The costs and risks of a consulting business lawsuit
Learn how to protect your IT consulting business by understanding the liability risks and taking steps to safeguard your assets.
Small businesses face big risks when it comes to lawsuits
Starting a new consulting business comes with plenty of risks. But one of the biggest threats you might face is the possibility of a lawsuit.
Legal expenses for a lawsuit can add up quickly, and they may have a devastating effect on a small IT business. Recent statistics show that small businesses should be ready for litigation:
- Over 50% of civil lawsuits target small businesses.
- 90% of small business owners targeted by frivolous lawsuits settle to avoid high court costs.
- Small business owners who earn $1 million per year spend an average of $20,000 of it on frivolous lawsuits.
The costs are even higher for larger businesses. For example, the car rental company Hertz recently filed a $32 million lawsuit against Accenture. Hertz tasked the company with a website redesign, but it failed to deliver a functional website or app.
Understand your risks
The best way to avoid a liability lawsuit is to know about the risks beforehand. Major risks for IT business consultants include copyright infringement, libel and slander, invasion of privacy, cybercrime, and more.
While installing software or creating a new app might not seem particularly risky, if something goes wrong, your client could sue, leaving you exposed to financial risk.
The rise of cybercrime
If you own a small IT business, you’re likely aware of the potential for cybercrime. While your business itself may not be a target, your customers’ businesses might be.
If you are involved in setting up your clients’ security or protecting their data, you could be found liable if they experience a data breach. Technology errors and omissions insurance (tech E&O) protects small tech companies like yours against data breaches that affect their clients and customers.
How to protect your small business from lawsuits
You can’t guarantee that your IT business will never be sued. But you can take the following steps to help safeguard your assets.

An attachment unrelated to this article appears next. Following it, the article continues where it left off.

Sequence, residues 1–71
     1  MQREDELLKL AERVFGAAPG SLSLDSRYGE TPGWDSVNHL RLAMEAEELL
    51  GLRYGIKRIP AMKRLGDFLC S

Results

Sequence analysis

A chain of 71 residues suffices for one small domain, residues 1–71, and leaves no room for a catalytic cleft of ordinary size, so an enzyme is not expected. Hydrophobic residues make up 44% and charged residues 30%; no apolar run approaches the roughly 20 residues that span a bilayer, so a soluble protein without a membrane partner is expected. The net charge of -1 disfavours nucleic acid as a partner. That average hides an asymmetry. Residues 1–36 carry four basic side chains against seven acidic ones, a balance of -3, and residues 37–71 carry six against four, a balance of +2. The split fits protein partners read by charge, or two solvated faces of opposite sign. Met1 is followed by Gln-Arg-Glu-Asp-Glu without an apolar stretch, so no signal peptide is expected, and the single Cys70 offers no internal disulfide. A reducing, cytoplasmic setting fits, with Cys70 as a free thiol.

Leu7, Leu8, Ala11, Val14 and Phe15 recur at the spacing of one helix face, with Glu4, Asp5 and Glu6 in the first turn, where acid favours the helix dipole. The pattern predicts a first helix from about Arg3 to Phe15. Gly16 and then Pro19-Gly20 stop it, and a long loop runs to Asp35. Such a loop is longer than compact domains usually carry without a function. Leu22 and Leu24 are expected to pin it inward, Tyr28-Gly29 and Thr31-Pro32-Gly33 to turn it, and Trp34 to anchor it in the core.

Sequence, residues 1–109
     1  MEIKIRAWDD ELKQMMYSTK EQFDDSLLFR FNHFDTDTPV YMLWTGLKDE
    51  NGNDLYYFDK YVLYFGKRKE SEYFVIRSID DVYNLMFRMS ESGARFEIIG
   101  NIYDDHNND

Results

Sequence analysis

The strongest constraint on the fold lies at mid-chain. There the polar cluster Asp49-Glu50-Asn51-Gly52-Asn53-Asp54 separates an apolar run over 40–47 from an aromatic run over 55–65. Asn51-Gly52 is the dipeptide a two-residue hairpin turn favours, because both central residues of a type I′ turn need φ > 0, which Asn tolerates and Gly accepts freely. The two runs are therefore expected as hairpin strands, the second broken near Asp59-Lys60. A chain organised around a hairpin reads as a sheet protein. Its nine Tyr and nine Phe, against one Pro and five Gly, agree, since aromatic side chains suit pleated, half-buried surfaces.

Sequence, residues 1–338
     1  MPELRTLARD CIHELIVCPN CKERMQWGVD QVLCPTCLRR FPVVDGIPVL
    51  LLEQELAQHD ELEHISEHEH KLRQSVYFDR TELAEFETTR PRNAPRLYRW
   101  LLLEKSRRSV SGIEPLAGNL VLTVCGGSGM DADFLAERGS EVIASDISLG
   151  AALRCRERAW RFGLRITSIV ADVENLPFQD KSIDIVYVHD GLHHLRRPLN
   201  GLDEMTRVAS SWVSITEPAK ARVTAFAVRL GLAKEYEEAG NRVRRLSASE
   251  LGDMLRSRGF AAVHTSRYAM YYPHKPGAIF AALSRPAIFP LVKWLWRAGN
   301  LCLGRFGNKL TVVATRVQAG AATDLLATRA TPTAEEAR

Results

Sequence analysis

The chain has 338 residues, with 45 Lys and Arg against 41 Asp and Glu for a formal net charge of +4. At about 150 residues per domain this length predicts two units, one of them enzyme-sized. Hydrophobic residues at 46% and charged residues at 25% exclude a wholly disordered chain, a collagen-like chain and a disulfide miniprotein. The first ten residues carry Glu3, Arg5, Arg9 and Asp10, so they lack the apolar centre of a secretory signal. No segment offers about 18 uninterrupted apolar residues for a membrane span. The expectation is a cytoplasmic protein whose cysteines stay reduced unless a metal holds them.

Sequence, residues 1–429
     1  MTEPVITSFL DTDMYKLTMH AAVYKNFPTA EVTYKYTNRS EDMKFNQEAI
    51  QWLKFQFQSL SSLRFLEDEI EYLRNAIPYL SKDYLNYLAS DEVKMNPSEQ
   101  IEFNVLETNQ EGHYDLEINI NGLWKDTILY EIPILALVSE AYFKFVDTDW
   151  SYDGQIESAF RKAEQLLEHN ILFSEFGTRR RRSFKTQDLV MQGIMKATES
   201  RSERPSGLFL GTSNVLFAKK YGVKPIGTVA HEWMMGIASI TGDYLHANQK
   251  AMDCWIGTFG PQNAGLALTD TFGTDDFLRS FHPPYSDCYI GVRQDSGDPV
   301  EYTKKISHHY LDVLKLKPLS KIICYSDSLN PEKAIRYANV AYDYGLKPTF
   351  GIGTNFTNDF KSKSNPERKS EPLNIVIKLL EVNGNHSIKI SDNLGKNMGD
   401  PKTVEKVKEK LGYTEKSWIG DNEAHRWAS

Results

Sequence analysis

Get everything in writing
Whether you meet with clients in person or over the phone, be sure to document your exchange in writing. Keep accurate records of when an agreement is signed, what occurred during each meeting, and any subsequent items discussed.
Be careful of what you say and do
Be careful not to make any claims about your business or your capabilities that could be considered questionable. Also, avoid making any public announcements or statements that could be interpreted as slander or libel. If you hire any employees, ensure that they follow the same guidelines.
Make sure you have adequate insurance
One way to safeguard your assets is by having the right kind of small business insurance to protect against lawsuits. Depending on the structure of your business and the type of work you do, your choices of lawsuit protection insurance will vary.
A few basic policies can help you manage your risk:
- General liability insurance can offer small business lawsuit protection in the form of coverage for third-party lawsuits over bodily injuries, property damage, and advertising injuries.
- Errors and omissions insurance (E&O) covers mistakes or oversights made while rendering your services. When bundled with cyber liability insurance, it's called technology E&O.
- Cyber liability insurance can help pay for the cost of a data breach. If you own an IT business, consider third-party cyber liability coverage. It can pay for legal expenses if one of your clients suffers a breach and sues you.
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